Speaking of Speaking: every fly fishing/tying club gig I did. This may sound like a shameless attempt to curry favor, but I assure you it’s on the level. Teaching and talking about fly fishing is by far my favorite part of this job, and it would not be possible without your support and enthusiasm. So, thank you CFFA Expo, Cape Cod Flyrodders, Legends on the Farmington (I’m doing another class in February 2020 so stay tuned), Russell Library, Hammonasset TU, Thames Valley TU, Capital District Fly Fishers, Farmington Valley TU, and Nutmeg TU for your patronage.
Housy and Farmington River features in Eastern Fly Fishing magazine. Wow. I actually get paid to write about two of my favorite rivers? What a country! And thanks to editor John Shewey for thinking of me.
My new two-handed cannon. Once I figured out the right head configuration, I became a dangerous casting machine. Many thanks to old mate Mike Oliver for his wonderful design and exacting craftsmanship. I now sneer at the wind at the mouth of the Hous. And the west side of Block. So there.
In addition to being a fine rod builder, Mike also brews a delicious cuppa on the beach. Milk is included. Very civilized.
Trophy Smallmouth on the Little Salmon River. We got kicked in the nuts by Mother Nature for spring steelhead, so a-smallmouthing we did go. They sure grow ’em big up north.
Gordo and Row Jimmy with a bronze slob.
Epic June wet fly bites. My goodness, how I love the Farmington River’s Light Cahill/Sulphur/Caddis/Iso bite window of late spring/early summer. Both clients and I enjoyed the thrill of double-digit days.
Figure 1 (of many). Greg’s rod might have permanent bend.
A hot Housy White Fly bite. If you go enough, sooner of later you’re going to hit the summer blizzard just right. I think I missed it last year; this year on more than one occasion I was snow-blinded in August. There’s a certain rush you get from drifting a size 10 White Wulff that you can no longer see, then feeling a sudden crushing blow that resonates down to your fingertips. Wow, wow, wow.
Be sure to keep your mouth shut. White flies do not taste good.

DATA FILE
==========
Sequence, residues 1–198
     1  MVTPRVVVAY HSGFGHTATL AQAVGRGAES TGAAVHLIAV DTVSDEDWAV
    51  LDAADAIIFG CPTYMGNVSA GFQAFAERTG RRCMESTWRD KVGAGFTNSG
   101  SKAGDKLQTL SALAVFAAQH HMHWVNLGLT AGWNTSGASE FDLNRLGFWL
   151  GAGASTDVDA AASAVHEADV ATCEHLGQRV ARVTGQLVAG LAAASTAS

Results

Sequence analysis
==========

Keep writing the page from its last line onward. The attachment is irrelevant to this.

Catching a Scottish trout on a traditional Scottish wet fly. The conditions were disgusting — driving rain and windy — but Cam and I soldiered on and were rewarded with several hefty trout to net. The highlight for me was catching one on a Kate McLaren I’d tied several years before, never dreaming that I would one day be fishing it bob-style on a loch.
Cam with his first fish and guide Graeme Ferguson (wonderful to make a new friend); a kiss for a fellow lover of Kate McLaren.
Fun at the Striper Moon film premier. It was in many ways a Who’s Who of southern New England striper fly fishing. What a treat to watch Lori Shankar’s film with Ken in the audience.
(Finally) establishing a presence on Instagram. If you’re not already following me, please do. I post content on stevecultonflyfishing that you won’t find here.
Big Fall Housy Browns. After last fall and this year’s winter high water, the resident browns had ample opportunity to feed and grow with very little angling pressure. A lot of the Housy faithful I spoke to declared this the best fall fishing in years. Can’t argue with them!
Over 20″ of holdover butter.
A silver lining to a poor Salmon River steelhead run cloud. I only need one steelhead to make me happy, so landing this big buck on a morning where the temperature never got out of the teens had me in a grinning mood.
So, you’ve made it this far. Please tell us about your 2019 highlights.